The following day, the tropical storm came ashore and it rained incessantly well into the evening. Nevertheless, there’s something magical about watching huge waves crashing onto the shore while heavy rain lashes against the windows of the house. Braving the rain, we ventured out late afternoon and took refuge in  a quaint Irish pub, Hogan’s, partaking in a pint of Guinness or two.

We had our fair share of seafood on this trip. Fish Lips was a reasonable restaurant for haddock and chips while the shark bites left a lot to be desired. There were two decent fish markets in the port area, one for fresh shrimp and the other for beautiful fresh swordfish. It was also the first time I’d tried smoked mullet and concluded it was also the last.

The grandchildren left the day before us and we spent what time was left doing laundry, tossing out the trash, putting all the toys and games back in the cupboards, and packing in readiness for the trip back home. The dishwasher was a godsend.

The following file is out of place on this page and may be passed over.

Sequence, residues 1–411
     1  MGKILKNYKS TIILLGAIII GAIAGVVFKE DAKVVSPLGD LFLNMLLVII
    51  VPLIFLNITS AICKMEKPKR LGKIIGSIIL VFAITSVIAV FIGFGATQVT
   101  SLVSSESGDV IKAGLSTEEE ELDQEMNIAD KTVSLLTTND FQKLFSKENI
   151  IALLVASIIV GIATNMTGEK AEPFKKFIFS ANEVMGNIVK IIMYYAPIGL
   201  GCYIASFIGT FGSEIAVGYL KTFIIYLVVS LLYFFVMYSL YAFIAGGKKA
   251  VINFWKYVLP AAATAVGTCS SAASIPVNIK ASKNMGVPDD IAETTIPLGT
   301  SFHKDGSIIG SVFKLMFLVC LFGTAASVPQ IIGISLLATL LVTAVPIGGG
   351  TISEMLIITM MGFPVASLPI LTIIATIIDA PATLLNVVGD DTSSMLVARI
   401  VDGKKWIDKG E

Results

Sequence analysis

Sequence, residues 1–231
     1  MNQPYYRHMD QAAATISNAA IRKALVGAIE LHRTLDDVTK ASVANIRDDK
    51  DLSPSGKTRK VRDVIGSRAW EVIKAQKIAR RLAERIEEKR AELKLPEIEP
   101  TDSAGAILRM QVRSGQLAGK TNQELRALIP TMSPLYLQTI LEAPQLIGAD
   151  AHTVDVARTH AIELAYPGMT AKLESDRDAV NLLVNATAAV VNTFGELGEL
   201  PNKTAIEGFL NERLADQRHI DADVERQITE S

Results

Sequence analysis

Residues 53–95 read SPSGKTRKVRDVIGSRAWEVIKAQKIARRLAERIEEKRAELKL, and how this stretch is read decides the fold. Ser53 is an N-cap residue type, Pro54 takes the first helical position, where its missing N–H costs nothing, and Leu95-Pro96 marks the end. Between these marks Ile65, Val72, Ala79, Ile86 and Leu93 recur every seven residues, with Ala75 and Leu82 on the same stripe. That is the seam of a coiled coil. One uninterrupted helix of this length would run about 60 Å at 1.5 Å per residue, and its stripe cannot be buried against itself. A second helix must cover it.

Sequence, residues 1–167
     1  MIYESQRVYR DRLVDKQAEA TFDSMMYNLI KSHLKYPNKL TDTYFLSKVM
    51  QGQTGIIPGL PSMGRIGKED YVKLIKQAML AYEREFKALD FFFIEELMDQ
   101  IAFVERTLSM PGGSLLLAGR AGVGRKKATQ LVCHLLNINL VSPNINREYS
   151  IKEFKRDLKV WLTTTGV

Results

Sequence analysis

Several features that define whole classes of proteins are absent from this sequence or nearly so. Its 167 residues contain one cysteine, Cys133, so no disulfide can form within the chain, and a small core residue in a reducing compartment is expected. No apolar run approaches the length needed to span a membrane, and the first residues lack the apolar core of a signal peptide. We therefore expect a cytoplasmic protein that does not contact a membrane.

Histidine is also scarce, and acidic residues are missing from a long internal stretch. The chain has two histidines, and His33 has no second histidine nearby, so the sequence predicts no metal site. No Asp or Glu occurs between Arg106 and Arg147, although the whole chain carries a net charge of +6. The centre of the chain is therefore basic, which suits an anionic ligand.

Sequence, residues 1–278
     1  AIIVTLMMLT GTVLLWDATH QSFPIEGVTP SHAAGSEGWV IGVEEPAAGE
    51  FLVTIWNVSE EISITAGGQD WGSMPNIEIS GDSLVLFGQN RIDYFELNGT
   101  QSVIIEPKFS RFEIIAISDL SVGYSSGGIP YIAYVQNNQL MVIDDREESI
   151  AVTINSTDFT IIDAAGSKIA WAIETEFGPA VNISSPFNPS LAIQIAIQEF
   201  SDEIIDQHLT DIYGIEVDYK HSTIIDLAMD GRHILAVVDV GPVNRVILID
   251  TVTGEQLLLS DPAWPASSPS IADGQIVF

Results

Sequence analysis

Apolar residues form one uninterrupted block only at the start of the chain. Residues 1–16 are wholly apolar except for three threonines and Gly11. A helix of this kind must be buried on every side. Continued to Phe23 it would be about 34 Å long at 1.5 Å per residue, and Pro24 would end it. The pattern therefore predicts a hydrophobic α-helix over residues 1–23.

Our time was up, and our beach living was at an end. We left with the consolation that we had made a decision. Atlanta traffic is horrendous and we have been attempting to decide whether to move to the mountains or the beach. This trip was the determining factor. Our next abode will be near the beach.

Rio-A Review from the Leather Chair.

Monday, September 5th, 2016

I am the first to admit that I was one of those doom and gloom merchants who predicted that the Rio Olympics would end in tears because of water pollution, lack of security, empty seats, doping crisis and touting scandal. Thankfully I was wrong and notwithstanding a few glitches, it proved to be a roaring success particularly if you happen to be a Brit.

Firstly congratulations to Osain Bolt and Michael Phelps for confirming that they are two of the greatest Olympians ever. Swimming events are too similar in my book which enables swimmers of Phelps’ caliber to win a shed full of medals which is almost impossible in any other sport, but nevertheless I don’t wish to denigrate his fantastic achievement of 23 gold medals over 5 Olympic Games.

I watched my first event on the first full day of competition which was the men’s  road cycle race. Now cycling is not my idea of sports entertainment, but I was awe struck by the spine tingling downhill finale to the finishing line with cyclists exceeding speeds of 60pmh. There were several casualties on the descent which made it more intensive viewing.